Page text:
HOLD ON BABY

All you need to know about the fas­ci­nat­ing palmer re­flex

Mother & Baby - - CONTENTS -

Your new­born’s in­stinct to hold on tight to you is known as the pal­mar re­flex, and it’s fas­ci­nat­ing! In­cred­i­bly, you may be able to see your baby show­ing off the very be­gin­nings of it at your first scan. “The pal­mar grasp starts to de­velop from week 11 of preg­nancy and, af­ter this time, you do see ba­bies hold­ing on to the um­bil­i­cal cord in scans,” ex­plains psy­chol­o­gist Sally God­dard Blythe. “At this stage, there’s just a clos­ing of the fin­gers that may not even be in re­sponse to com­ing into con­tact with some­thing. By 16 weeks she starts to use her thumb, too. And,

by the time your baby is born, she will close her tiny fist around any­thing that touches the palm of her hand.” And this re­flex is amaz­ingly strong: “Re­search shows that a baby can hold her own body­weight by this re­flex,’ says Sally, ‘al­though ob­vi­ously don’t test it out for your­self!”

SUR­VIVAL IN­STINCT

“The pal­mar re­flex is part of a group of early prim­i­tive re­flexes,” ex­plains Sally. It gets stronger af­ter birth, and is at its strong­est when your baby is around eight weeks old. “One the­ory is that it’s an evo­lu­tion­ary leftover from baby mon­keys hold­ing onto their mother’s fur,” says Sally. “It’s thought it’s a throw­back to when we needed to cling on to our mummy as she swung through the trees.” And right now, your baby is su­per-de­pen­dent on you. She needs to stay close to you, and this is one way to make sure that hap­pens. The re­flex isn’t around for long, though, be­cause as your tot be­comes more in­de­pen­dent, she doesn’t need it any more. “It starts to re­cede from six months, and is gen­er­ally lost by one year,” says Sally. “Th­ese early re­flexes are grad­u­ally in­hib­ited, or put to sleep, in the brain stem, but they don’t dis­ap­pear. If we have a se­ri­ous ac­ci­dent or in­jury as adults, they reap­pear.”

THAT’S CLEVER!

If your baby seems to be grasp­ing your fin­ger ex­tra hard, she may be try­ing to tell you some­thing. “The pal­mar grasp is stronger be­fore feed­ing than af­ter”, says Sally, ‘and an­other re­flex cou­ples it with a suck­ing move­ment up to four months old. In the past, mid­wives would use this re­flex to help a baby who was hav­ing dif­fi­culty latch­ing on. They would mas­sage the palms of the baby’s hands, which would stim­u­late a suck­ing move­ment on the breast or the bot­tle. If your baby strug­gles to latch on, and there’s no ob­vi­ous rea­son such as tongue tie, it’s worth try­ing for your­self. And some­times, if your baby is just sleepy or not in­ter­ested in feed­ing, gen­tly rub­bing the palms of her hands may stim­u­late her to open her mouth and start suck­ing again.”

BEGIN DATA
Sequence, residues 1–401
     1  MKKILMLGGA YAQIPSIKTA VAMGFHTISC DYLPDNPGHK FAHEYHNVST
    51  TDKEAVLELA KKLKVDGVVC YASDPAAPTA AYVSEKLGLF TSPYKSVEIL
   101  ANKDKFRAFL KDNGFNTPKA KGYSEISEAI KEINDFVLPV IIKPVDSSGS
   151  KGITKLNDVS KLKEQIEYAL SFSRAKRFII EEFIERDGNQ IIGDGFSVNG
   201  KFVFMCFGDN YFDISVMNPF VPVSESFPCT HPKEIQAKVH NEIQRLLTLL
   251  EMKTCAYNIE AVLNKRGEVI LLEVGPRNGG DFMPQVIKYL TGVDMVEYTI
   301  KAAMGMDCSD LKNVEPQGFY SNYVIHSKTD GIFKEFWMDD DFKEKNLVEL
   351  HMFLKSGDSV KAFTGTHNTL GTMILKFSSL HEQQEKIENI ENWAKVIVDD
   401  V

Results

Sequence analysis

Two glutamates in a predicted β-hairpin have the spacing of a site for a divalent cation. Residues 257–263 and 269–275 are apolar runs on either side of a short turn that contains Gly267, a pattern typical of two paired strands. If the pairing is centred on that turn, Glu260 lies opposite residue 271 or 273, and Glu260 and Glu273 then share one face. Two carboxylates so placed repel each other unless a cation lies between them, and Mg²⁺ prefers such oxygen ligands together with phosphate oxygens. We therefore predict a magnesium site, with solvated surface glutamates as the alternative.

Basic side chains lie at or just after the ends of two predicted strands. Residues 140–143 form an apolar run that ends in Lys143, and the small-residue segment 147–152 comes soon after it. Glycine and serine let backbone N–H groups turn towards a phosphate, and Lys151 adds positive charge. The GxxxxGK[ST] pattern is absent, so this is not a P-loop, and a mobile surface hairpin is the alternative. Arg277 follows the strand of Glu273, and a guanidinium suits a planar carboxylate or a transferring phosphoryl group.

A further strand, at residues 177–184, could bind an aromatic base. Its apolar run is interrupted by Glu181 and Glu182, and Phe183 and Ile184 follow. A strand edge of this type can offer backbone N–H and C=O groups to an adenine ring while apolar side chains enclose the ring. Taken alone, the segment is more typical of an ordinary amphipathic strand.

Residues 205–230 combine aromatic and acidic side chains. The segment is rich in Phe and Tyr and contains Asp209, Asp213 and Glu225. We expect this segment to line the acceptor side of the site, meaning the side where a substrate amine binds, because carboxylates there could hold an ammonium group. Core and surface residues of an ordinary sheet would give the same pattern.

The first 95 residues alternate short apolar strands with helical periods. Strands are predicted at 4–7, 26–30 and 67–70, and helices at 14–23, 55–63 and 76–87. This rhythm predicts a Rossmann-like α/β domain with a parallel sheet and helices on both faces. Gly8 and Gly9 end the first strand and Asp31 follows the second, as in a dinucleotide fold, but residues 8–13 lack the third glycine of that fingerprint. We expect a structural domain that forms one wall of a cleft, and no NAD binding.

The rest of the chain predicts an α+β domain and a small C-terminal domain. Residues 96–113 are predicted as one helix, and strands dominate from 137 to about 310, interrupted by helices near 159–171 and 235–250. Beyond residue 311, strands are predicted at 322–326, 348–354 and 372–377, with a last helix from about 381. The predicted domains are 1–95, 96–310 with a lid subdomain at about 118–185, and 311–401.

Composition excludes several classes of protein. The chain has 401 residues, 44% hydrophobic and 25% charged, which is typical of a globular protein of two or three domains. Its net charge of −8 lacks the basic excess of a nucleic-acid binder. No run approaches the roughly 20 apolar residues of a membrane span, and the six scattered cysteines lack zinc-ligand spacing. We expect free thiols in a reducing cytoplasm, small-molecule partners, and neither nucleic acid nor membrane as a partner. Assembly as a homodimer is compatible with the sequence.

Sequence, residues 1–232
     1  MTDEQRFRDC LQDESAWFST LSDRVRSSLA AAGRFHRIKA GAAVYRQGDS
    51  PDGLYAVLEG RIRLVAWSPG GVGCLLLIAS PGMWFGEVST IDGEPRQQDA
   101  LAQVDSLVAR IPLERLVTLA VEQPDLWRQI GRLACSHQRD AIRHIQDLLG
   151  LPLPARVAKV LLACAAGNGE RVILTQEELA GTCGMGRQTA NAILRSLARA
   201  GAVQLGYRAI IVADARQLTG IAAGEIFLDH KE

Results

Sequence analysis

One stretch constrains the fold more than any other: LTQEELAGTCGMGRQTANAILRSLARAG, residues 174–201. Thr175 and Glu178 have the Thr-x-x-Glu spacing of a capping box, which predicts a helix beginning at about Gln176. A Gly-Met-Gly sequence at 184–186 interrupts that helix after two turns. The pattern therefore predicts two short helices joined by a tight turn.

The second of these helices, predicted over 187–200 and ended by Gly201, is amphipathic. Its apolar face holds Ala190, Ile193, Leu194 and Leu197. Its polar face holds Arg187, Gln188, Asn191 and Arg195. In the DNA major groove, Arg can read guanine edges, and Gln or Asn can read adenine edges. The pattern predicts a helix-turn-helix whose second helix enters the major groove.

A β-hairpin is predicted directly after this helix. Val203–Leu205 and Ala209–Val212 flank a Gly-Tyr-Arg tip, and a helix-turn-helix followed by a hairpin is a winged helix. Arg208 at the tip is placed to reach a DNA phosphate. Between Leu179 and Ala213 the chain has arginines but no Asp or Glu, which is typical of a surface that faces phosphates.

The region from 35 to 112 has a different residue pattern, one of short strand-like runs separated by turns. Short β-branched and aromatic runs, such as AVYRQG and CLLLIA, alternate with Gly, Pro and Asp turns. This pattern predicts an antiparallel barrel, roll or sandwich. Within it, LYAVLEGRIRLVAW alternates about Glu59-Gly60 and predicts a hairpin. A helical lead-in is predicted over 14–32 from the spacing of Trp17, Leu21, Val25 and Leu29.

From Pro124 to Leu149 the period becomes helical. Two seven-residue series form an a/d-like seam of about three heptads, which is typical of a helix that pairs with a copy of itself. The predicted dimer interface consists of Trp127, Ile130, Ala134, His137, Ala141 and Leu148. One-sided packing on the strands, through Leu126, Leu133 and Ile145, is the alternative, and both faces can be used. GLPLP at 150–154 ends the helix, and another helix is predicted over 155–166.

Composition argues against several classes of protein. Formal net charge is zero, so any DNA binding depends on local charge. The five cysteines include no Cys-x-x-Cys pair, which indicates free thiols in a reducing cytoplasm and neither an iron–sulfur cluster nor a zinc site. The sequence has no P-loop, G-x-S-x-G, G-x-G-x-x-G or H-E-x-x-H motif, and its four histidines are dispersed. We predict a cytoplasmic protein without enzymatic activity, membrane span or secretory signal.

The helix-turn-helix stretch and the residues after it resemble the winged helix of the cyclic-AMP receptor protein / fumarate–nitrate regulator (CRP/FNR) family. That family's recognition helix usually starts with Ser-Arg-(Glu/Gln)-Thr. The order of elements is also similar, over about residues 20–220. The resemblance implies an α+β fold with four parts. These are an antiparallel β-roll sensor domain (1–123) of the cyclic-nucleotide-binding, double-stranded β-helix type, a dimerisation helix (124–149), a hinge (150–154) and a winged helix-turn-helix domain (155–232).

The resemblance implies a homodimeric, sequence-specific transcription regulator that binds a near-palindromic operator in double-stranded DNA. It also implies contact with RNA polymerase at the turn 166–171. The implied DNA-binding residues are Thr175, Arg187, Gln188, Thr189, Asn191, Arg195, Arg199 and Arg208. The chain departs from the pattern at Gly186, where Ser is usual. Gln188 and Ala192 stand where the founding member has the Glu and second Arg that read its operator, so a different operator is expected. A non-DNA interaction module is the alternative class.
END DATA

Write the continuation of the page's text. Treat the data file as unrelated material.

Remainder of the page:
LINKED UP

Your baby has many re­flexes when she’s born, and some are linked to one an­other. You’re prob­a­bly well aware of her star­tle, or Moro, re­flex, when she sud­denly flings out her arms and legs, cries, then pulls her limbs back in again, in re­sponse to some­thing that star­tles her. If the pal­mar re­flex is al­ready stim­u­lated in one of your baby’s hands – so she’s grasp­ing some­thing – the Moro re­flex will only be ac­tive on the op­po­site side of her body. So, if she hears a loud noise when her left hand is clenched, only the arm and leg on the right side of her body will go out in a star­tle re­ac­tion.

DIS­AP­PEAR­ING ACT

But while in those early days and weeks, your baby will grab any­thing that touches her palm, as she gets older that be­gins to change “When your lit­tle one gains head con­trol and she’s on her tummy, watch when she props her­self up on her fore­arms: her hands will still be curled the first few times she gets in that po­si­tion,” says Sally. But as she re­alises she needs her hands to help sup­port her weight, she’ll be­come less likely to grasp, even when she has a sen­sa­tion of some­thing on her palms. And as your tot re­alises she can con­trol her grasp, the games be­gin! “When your baby is a few months older and sit­ting up in a high­chair, you’ll no­tice she’ll start prac­tis­ing drop­ping things off her tray and onto the floor,” ex­plains Sally. “This shows a change from a re­flex re­sponse to more of a spon­ta­neous move­ment. Ba­bies love this game be­cause they’re learn­ing how to let go for the first time. And if you love it rather less af­ter ten min­utes of pick­ing things back up, then re­mem­ber that this is a pre­cur­sor for the thumb and fore­fin­ger pin­cer grip, which she’ll need for all sorts of im­por­tant tasks, such as writ­ing”

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